Place-based learning. Some critics voice concern that working on computers will isolate and disconnect students from friends and the community, but we have experienced the opposite phenomenon. Working in concert with place-based learning, technology removes the classroom walls and opens up possibilities for connecting students to their communities in meaningful and engaging ways. To foster such learning, MLTI has worked with various state and community agencies to develop ways for students to actively engage in real-world problem solving and community-based projects. For example, two schools in Maine's Aroostook County collaborated on a project promoting Maine's potato industry—an integral part of life in these students' communities. The students spent a great deal of their summer vacation collecting information, conducting interviews, and touring local businesses to gather information on the industry and produced a Web site called “TATER ACT: Technology and Teams Educating Researching Aroostook County Tubers” (www.tateract.org). Such projects enable students to apply their knowledge and skills usefully in real-world contexts.
Project-based learning. Project-based learning enables educators to address multiple intelligences and diverse learning styles while giving students more choice in synthesizing and applying their learning. In Maine, students are using multimedia to create presentations, Web pages, and movies to illustrate their knowledge. For example, social studies students at the Orland Consolidated School were assigned to work as publicists for each of Maine's gubernatorial candidates. The students used their laptops to research campaign issues, candidate endorsements, and biographical information and created informational slide shows on the various candidates.
Online research. Research projects are only as good as the content they contain, so it's fortunate that the backpack of every middle schooler in Maine contains a library of information. In addition to the Internet, MLTI provides access to information databases, such as EBSCO, for all students and educators. One of the program's top priorities is to make students effective and responsible consumers of information. Rather than using the Internet as one big answer key, students learn how to apply information they find to enhance their projects. For example, one project required students to investigate a controversial issue in their region, sort through the information on the issue, and make an informed decision on how to resolve the issue. Students at Skyway Middle School tackled the question “Should windmills be built on the top of Mars Hill Mountain?” Social studies teacher Gary Cole had students conduct guided Internet research on the history of windmills and wind power. Using the information they found, the students constructed models, created posters, and produced electronic presentations demonstrating their knowledge of the history of wind power. In this way, they used the Internet as a springboard to finding their own answers.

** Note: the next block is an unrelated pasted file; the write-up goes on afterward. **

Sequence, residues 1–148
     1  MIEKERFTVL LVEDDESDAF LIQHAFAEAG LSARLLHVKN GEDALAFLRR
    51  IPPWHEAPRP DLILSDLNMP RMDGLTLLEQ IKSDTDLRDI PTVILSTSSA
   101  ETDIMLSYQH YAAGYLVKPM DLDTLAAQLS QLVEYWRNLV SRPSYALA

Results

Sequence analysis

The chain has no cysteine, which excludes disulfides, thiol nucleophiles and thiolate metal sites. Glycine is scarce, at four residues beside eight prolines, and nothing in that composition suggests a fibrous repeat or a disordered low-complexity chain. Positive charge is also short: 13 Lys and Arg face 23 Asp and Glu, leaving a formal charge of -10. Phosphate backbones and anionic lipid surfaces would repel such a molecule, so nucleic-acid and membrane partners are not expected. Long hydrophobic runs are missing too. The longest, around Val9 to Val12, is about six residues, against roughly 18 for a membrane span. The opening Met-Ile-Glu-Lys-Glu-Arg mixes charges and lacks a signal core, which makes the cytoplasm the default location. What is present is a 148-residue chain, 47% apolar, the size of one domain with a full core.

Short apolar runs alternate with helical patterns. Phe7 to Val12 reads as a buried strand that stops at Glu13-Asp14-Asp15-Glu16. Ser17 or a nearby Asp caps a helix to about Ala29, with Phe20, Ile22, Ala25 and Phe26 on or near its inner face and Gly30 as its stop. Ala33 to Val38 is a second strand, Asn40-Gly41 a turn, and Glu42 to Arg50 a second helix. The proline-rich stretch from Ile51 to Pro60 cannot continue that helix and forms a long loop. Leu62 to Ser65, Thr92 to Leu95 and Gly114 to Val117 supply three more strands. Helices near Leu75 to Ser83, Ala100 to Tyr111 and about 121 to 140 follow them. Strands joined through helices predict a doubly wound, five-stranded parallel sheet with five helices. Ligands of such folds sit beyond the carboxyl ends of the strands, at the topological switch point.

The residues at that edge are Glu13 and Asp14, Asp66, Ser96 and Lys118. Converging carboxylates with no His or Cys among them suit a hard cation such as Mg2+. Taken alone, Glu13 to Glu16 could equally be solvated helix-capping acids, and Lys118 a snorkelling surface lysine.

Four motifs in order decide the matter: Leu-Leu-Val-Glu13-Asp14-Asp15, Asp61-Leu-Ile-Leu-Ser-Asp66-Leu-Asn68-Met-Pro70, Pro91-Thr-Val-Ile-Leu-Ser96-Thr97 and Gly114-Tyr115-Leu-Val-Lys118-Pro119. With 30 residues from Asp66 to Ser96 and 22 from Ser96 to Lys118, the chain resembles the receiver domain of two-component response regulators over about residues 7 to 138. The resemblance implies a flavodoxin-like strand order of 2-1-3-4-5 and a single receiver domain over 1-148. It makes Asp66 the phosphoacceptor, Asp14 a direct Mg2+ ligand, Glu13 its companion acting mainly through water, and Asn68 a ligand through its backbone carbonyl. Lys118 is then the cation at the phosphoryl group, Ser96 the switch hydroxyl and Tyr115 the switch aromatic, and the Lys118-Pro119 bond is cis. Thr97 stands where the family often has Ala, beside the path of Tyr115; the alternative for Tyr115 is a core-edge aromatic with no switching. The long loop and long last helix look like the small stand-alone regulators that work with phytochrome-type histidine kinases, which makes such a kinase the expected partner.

Large-scale technology projects in schools tend to be led and administered by technical staff rather than educators, but this is not the case in MLTI schools. In the beginning, as we considered the program's vision—improving teaching and learning through the creative use of technology—we decided that classroom teachers needed to take a major leadership role. After all, teachers have the ultimate responsibility for creating rich learning environments. We wanted to define schools as places of genuine intellectual growth and curiosity for students and teachers alike, as places where teachers freely collaborate with one another and are not afraid to take risks.
To create the conditions for this change, we formed the Design Team for Curriculum and Professional Development. This advisory group is made up of well-respected educators from across the state—classroom teachers, technology coordinators, administrators, higher education faculty, and education consultants—who have demonstrated a commitment to school reform and to equity for all students and educators.
One of the Design Team's first tasks was to create a Teacher Leader Network—a group of teacher leaders across the state who would work with principals and technology coordinators to spearhead the project. The main Teacher Leader Network comprises nine smaller networks based in Maine's nine superintendent regions. When forming the network, we sought out teachers who were highly skilled in classroom instruction, collaboration, and relationship building; comfortable with technology; well connected to their fellow teachers; and interested in supporting the growth of MLTI.
Once chosen, these teacher leaders participated in all-day meetings so they could learn about school change and begin to examine and shape the purpose of the work ahead. In peer sessions, they shared challenges and successful strategies for engaging staff in learning to use the new technology. They also received leadership training throughout the school year.
Amid all this preparation, MLTI established an Exploration School in each of Maine's nine superintendent regions. These schools were selected according to such criteria as academic records and teachers' willingness to invite the public into their classrooms. We also chose a regional integration mentor at each of these schools to help teachers adjust to the new program and to assume leadership of the region's Teacher Leader Network.